Thursday, November 14, 2013

800 Words: Living in the Past - Part IV (Conclusion)

“Optimism is the opium of the masses. A healthy atmosphere stinks of stupidity! Long Live Trotsky!”

- Milan Kundera

I often think to myself that I’m an advance scout for my own generation. I show them what it’s like to get old quicker and experience disappointment earlier. Growing up as I did in a background that was entirely too privileged to feel the way I do, I feel like I’ve shown many all too blessed people of my age-group what it’s like to fall out of love with the world at an early age, and then to indiscriminately lash out as so many older people do at this world which has proven so disappointing so often, and so prematurely.

For somebody whose life has been extremely easy, I’ve had it pretty tough over the years. I’ve prattled on in these posts in a spiral of seemingly endless self-abasement about precisely why that is, and I wish that there was some means other than writing to turn it all into something productive. But it would be all too easy to pretend to an optimism which neither I nor most people earn. An optimistic attitude may get you something, but it won’t get you much. Regardless of our attitude towards life, we’re born when we are born, and our life unfolds as it does, followed by a death which seldom announces its precise time of arrival. We are neither the captains of our souls nor masters of our destiny; we are along for the ride, and only get a tiny sliver of input in our lives’ direction. Biochemistry determines virtually all of our life for us, right down to our temperamental capacity to change our life circumstances, and those of us who fight against our fates usually end up living out the same pathologies we were trying so desperately to avoid, only more fanatically. However unlikely, it's possible that extremism in the pursuit of virtue is no vice, but there is definitely not a single virtue in the pursuit of extremism - be it the extremity of politics or extremity of character correction or extremity of obsession. If a person wants to correct, truly correct, the circumstances of his life, he well may be able to. But there is an ironclad guarantee that the spiritual and emotional losses incurred along that path will be incalculable to someone - you or someone you love, someone you love or someone you hate, deservedly or not.  As my father recently said so memorably: “There are no solutions, only problems.”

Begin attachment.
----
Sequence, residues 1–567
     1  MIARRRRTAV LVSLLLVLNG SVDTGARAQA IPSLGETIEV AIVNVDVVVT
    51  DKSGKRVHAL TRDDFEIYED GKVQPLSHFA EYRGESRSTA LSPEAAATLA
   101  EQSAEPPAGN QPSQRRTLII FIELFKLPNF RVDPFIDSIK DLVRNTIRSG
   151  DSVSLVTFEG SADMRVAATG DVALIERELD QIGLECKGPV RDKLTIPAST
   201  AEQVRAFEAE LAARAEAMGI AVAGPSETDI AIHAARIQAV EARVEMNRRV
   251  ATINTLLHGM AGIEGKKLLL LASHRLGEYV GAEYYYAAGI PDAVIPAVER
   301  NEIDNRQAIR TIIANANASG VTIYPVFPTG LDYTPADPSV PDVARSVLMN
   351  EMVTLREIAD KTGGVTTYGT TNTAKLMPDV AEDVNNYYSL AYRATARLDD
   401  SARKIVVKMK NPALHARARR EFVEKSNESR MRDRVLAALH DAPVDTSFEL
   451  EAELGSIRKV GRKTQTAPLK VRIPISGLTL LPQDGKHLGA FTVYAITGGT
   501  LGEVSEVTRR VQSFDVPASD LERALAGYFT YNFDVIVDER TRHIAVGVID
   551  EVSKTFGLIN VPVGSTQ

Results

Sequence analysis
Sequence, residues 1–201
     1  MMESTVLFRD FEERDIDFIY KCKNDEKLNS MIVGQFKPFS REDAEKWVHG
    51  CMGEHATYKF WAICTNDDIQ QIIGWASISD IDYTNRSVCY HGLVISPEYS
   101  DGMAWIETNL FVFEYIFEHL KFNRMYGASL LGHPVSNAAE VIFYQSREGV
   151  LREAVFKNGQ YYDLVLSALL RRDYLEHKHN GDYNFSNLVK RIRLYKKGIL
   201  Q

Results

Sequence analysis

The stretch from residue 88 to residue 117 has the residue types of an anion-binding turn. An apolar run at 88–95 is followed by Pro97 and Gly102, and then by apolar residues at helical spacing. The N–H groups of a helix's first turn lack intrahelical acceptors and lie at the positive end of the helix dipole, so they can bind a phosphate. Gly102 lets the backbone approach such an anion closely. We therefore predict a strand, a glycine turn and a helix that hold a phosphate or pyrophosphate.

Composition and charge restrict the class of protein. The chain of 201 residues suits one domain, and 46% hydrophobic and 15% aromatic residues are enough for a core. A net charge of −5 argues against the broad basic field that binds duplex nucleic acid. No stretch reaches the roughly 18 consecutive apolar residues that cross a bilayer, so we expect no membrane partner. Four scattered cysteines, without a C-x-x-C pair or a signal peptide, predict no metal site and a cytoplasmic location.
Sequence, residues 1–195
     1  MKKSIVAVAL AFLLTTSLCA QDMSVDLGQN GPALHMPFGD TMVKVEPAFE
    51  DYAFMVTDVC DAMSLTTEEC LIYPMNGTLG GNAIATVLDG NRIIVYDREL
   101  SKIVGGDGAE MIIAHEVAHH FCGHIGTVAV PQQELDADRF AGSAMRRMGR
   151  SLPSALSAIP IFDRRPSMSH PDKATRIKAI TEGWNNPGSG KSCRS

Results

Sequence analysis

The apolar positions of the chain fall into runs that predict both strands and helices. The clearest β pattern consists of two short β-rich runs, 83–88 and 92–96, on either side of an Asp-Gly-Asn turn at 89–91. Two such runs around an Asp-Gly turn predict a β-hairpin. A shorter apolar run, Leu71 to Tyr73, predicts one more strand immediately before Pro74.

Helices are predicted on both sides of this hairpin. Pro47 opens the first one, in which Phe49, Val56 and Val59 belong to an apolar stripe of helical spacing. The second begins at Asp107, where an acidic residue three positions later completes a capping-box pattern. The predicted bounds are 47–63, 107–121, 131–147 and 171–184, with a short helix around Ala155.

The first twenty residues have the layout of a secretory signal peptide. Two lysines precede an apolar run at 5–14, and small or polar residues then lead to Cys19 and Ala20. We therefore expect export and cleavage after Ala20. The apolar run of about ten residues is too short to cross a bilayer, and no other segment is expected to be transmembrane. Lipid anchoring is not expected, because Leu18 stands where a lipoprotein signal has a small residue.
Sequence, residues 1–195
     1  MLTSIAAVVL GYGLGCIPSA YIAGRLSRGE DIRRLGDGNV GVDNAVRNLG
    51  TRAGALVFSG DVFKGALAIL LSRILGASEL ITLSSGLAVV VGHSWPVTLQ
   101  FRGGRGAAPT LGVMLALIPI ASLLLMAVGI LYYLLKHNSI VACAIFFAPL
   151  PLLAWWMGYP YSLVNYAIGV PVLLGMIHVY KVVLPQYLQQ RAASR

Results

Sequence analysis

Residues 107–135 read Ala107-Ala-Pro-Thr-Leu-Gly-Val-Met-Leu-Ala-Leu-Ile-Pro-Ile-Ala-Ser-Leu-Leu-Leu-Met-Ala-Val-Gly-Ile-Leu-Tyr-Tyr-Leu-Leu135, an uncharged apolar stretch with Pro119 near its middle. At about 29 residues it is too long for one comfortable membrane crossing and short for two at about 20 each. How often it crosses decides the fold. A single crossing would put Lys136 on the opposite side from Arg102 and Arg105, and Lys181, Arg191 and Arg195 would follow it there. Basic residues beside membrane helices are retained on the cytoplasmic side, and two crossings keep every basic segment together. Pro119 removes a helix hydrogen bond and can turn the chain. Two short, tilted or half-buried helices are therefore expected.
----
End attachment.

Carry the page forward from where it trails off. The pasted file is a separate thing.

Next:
Unfortunately, the past is all we have, and while the future is not yet written, there is little which history proves except that future will mercilessly repeat the past. The idea that we can aspire to be better people than we are is as dangerous and laughable as it is laudable and inevitable. The world is a treadmill that never stops, and we run on it not to move forward, but merely to stay in the same place. Hopefully, we'll sometimes be in good enough shape that the treadmill won't feel as burdensome, but eventually, we all step off, and sometimes we fall off quite painfully. 

Life doesn’t exist to be triumphed over, it exists to be lived. Whenever I hear people say that they triumphed over life’s vicissitudes like so many battles with proud scars to show, my bullshit detector flies through the roof. Physical wounds heal into scars because they are merely openings to be filled, but spiritual wounds are like the sepsis which fills them when the opening is not properly treated. The infection can spread through you or to others at the slightest opportunity, and it always seems to make itself visible at the least opportune moment. And when that puss is popped like a bad or fatalistic attitude which suddenly reveals itself, the wound is either felt as intensely as when it was first made, or it is passed on like an infection to be someone else’s burden. The soul is a very fragile thing, and perhaps it would be best were we never to be conceived. Otherwise, we subject a soul to the sickness which the world inevitably provides. And when our souls get sick, the pathologies of our sicknesses are passed on, and there is nothing we can do about that. It isn’t just the sins of the father which are passed on, it’s the sins of the friend, of the teacher, of the collaborator.